Ontario’s Wine Country is growing in leaps and bounds, with several renowned wine-growing regions. In most places, you can tour the facilities and meet the people working behind the scenes. And, of course, sample some wine!
Summer is the busiest time of year, but for something truly unique, come during the winter to watch the harvesting of grapes. Here you’ll find a special treat: Ice Wine, a dessert drink. Ontario is notorious for this type of wine, and you can bet nowhere else in the world does it better.
To get started, the area is divided into three main regions: Niagara Peninsula, Lake Erie and Pelee Island, and Prince Edward County.
The Niagara Peninsula is located in Southern Ontario, and situated in the Niagara Escarpment (a ridge carved out by glaciers). There are over 50 wineries in this region, such as the Inniskillin Winery and the famous Jackson Triggs Estate. The incredible scenery combined with prime wine touring opportunities makes this region the perfect destination for wine lovers and adventure-seekers alike!
Further south is the Lake Erie region, where warm summers and lake winds produce more full-bodied wines. Head over to the Pelee Island Winery, where the island’s natural beauty will inspire you as much as the wine will.
Finally, Prince Edward County is one of Ontario’s newest wine regions to be developed. Here, winemakers get a little more creative: the Sandbanks Winery produces some delicious hybrid wines, and is additionally somewhat of a contemporary art gallery. Here you’ll also find some of the best Ice Wine at Waupoos Estates Winery.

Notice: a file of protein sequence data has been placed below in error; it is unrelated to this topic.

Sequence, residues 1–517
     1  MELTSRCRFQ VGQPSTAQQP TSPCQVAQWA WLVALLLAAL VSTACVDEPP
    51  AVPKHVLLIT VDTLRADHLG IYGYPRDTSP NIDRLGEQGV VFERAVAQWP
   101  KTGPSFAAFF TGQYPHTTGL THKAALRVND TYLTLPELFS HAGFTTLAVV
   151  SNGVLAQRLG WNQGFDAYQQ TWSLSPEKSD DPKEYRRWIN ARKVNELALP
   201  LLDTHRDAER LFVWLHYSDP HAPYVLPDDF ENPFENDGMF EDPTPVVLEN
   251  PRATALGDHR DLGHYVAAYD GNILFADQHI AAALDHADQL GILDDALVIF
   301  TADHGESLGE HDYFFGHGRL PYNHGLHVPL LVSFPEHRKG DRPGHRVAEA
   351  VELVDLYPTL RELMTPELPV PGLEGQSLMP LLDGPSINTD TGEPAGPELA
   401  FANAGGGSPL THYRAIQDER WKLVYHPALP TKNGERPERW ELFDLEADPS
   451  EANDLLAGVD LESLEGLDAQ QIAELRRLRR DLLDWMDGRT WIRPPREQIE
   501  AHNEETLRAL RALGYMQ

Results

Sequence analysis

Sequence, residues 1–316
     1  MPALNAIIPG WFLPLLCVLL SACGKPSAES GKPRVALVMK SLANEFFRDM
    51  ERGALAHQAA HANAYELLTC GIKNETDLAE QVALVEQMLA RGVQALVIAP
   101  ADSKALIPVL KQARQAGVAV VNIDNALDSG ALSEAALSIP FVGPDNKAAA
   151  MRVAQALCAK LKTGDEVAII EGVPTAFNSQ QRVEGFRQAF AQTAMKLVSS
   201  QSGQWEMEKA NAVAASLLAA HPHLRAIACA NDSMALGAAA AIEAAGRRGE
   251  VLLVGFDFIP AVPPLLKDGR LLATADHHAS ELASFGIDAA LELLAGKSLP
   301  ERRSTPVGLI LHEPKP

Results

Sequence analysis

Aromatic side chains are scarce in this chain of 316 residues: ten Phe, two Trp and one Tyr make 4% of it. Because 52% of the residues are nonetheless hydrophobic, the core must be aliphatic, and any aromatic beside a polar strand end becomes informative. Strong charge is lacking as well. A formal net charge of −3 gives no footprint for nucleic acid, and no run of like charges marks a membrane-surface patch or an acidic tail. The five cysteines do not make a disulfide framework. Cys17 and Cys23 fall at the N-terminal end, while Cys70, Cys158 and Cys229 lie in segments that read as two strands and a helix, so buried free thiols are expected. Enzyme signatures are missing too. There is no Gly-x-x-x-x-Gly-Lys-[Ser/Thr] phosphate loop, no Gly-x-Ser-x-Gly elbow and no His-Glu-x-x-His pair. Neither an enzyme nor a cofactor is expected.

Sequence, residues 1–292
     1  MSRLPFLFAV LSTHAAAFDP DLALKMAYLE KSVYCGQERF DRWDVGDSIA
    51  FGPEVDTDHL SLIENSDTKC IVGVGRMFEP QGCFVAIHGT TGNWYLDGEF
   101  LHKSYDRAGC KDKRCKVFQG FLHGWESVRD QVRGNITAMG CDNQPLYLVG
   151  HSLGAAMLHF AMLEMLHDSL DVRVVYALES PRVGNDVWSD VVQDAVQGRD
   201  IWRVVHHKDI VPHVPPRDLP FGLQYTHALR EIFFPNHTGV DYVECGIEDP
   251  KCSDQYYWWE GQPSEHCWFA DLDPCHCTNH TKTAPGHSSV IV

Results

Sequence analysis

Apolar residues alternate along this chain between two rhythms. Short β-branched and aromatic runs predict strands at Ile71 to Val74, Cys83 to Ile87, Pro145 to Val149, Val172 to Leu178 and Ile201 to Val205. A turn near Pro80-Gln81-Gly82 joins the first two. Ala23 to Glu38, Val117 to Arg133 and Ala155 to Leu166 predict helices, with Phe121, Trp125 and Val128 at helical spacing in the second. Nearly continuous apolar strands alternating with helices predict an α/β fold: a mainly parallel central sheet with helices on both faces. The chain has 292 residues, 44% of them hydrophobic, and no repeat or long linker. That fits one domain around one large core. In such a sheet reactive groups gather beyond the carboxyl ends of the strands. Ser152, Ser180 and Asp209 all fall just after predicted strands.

But don’t stop there: new and emerging wine regions are starting to make themselves known, especially along the eastern shore of Lake Erie. North of Toronto, orchards have been joined by vineyards, and other vineyards have been developing in the Northumberland Hills. Wine is here to stay!
How do you select the best wine from the region? When you see the VQA Ontario marker on a bottle, it means it was created from 100% Ontario-grown grapes. It stands for the “Vintners Quality Alliance,” an organization that takes Ontario wine very seriously.
When you begin plotting your route, you’ll have to narrow your options. After all, Ontario has almost 100 wineries! Pick a destination or region, to begin, and stick to that area. If there’s a particular winery you’re interested in touring, look up the other closest wineries nearby.
Don’t limit yourself: even if you’re a traditionalist who values the old ways of winemaking, try some contemporary vineyards where up-and-coming producers are experimenting and creating some interesting new flavors.